This starts a flurry of comments. The most common being, "We need a consistent method for running projects." Unfortunately, that is not a problem; once again, it is a solution. Eventually the lights come on and someone in a resigned voice says, "Our customer does not like what we are building," or, their close cousins, of excessive cost and late delivery. Now, those are problems. As we drill into the meaning further, we inevitably land on a point that Steve makes in one of his first few slides. There is a gap... no... a chasm between the supplier and the customer. (Steve, being an IT Governance evangelist, says IT, but the problem exists in nearly every project-based discipline.) Trying to get alignment with someone that you rarely see is nearly impossible. System integrators, product developers, and service providers all agree on a solution—if you are unable to deliver what the customer wants, get closer to your customer. Hence, the disconnect with Steve, how does adding a layer of management between the customer and suppler close this gap? It doesn't; it fills the gap and the distance remains. This is where PMOs fail. They lose track of the problem they are trying to solve.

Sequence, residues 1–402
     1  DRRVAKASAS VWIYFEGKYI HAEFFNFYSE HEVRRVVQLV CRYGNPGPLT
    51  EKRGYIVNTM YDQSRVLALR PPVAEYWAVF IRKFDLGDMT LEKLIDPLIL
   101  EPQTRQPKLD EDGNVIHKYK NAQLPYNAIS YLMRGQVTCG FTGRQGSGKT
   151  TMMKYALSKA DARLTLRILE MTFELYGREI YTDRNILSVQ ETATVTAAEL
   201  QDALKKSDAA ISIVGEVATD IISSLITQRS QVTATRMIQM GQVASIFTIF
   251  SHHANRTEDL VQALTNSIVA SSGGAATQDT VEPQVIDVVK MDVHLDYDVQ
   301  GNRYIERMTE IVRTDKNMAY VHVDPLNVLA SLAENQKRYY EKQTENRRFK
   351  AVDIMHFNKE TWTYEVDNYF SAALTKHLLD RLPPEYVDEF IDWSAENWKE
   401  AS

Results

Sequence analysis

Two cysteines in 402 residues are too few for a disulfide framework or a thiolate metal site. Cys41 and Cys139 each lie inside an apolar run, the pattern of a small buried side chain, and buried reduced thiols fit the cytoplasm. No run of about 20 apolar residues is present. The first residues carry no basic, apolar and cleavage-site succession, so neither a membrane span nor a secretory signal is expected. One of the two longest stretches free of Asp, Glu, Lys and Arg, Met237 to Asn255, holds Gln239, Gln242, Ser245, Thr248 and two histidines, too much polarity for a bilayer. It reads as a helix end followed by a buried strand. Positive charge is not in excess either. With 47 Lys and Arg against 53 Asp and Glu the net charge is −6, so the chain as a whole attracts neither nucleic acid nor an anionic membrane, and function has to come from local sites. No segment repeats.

Getting Closer To The Customer